Ngā mihi nui ki a koe!

2 November 2016

Te Reo, Whakataukii and Growth Mindset

The question I hear most often is
"How can I incorporate more te reo into my classroom when I'm still learning myself?"

It is a question I love!

I have discussed games and activities, waiata and videos/apps. There are many good resources on TKI and He reo tupu he reo ora. However you can have all of the resources in Aotearoa but that doesn't necessarily help getting the language across to you or your ākonga.

What it requires is a plan. A methodical plan with a structure. I'm going to write a whole blog post on this during the holidays when you have time to peruse the depths of the internet. 

But for now an authentic, meaningful, clever way of integrating great reo is through whakataukī and wise Māori kōrero. Whakataukī can either be part of, or separate from the te reo lesson.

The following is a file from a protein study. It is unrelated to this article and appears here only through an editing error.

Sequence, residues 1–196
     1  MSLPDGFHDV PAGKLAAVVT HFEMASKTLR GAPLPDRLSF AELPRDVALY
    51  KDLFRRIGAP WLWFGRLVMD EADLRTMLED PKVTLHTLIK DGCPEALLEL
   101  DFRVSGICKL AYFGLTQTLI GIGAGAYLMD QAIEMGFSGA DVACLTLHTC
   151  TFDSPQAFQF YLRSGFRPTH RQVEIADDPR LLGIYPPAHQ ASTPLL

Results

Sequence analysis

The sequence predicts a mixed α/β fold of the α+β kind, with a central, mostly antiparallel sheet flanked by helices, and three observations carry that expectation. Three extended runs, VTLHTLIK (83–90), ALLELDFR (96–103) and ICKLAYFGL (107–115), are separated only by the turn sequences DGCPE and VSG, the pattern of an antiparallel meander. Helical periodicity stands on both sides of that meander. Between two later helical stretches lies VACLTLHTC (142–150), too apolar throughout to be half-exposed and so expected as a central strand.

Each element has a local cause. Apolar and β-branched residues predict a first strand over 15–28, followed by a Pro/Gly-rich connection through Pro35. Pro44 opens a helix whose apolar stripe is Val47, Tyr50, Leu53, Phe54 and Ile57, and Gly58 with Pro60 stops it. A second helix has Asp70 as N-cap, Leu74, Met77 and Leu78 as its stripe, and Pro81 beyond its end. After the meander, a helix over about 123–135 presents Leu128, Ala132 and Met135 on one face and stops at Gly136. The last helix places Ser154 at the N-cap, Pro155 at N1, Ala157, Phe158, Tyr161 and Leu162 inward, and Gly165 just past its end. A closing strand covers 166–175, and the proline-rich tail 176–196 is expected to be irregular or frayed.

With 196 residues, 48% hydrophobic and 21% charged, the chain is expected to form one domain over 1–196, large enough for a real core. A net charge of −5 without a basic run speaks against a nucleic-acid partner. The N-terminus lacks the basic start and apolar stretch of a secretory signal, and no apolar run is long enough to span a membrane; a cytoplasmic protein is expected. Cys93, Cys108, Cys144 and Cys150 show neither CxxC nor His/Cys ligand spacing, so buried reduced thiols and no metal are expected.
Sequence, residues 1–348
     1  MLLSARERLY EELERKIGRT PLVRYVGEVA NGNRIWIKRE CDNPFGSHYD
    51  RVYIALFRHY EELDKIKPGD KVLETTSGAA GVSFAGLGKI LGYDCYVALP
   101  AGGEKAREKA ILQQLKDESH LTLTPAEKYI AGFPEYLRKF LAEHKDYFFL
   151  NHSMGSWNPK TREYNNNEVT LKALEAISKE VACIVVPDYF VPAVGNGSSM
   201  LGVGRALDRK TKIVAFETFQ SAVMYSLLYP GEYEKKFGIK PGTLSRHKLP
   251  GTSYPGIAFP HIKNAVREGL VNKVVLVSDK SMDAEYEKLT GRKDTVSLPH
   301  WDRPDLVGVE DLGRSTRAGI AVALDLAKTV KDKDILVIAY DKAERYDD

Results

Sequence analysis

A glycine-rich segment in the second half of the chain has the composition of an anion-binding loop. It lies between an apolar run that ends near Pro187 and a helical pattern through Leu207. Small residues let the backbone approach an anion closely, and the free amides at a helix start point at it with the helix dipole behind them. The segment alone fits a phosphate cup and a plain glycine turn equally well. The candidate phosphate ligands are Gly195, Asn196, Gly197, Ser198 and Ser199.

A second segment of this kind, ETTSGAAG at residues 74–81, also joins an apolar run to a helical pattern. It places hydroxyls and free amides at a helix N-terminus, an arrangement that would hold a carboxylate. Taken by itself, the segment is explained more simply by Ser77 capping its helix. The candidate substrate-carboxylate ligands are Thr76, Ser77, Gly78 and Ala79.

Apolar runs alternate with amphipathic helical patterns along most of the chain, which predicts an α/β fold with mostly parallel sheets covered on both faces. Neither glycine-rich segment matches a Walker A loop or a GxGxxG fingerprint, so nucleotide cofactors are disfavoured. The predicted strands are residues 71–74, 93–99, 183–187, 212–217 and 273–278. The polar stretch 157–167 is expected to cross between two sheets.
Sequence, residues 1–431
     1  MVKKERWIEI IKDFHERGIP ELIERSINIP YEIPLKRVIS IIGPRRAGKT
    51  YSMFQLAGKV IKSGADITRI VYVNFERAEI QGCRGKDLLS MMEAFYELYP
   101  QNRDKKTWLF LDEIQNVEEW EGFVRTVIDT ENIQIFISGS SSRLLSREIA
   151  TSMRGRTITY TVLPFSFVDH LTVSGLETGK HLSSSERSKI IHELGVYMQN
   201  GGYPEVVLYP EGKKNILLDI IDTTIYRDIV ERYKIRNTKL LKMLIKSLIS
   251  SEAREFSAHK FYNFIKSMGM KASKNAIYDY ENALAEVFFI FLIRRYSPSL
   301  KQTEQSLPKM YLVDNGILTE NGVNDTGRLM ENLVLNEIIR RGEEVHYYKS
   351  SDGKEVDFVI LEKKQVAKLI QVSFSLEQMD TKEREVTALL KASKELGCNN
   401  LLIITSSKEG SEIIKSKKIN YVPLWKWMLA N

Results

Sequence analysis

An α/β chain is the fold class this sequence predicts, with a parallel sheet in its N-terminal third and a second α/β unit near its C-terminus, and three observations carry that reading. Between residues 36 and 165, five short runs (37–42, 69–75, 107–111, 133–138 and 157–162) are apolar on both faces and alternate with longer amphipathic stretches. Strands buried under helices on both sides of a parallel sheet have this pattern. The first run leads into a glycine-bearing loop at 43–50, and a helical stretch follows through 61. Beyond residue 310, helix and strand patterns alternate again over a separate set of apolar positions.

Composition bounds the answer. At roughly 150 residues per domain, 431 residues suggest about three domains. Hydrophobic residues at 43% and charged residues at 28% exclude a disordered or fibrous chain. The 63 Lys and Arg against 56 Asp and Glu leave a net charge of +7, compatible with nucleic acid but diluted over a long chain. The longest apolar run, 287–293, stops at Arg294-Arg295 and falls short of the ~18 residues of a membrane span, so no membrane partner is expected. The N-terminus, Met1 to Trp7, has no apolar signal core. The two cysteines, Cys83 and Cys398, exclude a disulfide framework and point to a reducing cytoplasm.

The obvious way is to integrate them into "Topic" and for me growth mindset is a logical union made in heaven.
Some kaiako use whakataukī at the beginning of every topic as a focal point and it is a great way to bring in  Māori perspectives.

So what are whakataukī?
Proverbs-for Māori they are very much a part of everyday kōrero playing a large role within Māori culture and carrying important messages.
You may have heard them woven through whaikōrero (speeches) or used as reference points.
They  often serve as recommendations or suggestions to others or advice given.
The language used is figurative and merges historical events, holistic perspectives and underlying messages. It's purpose is sometimes to elevate the listener with underlying messages of faith, hope and determination.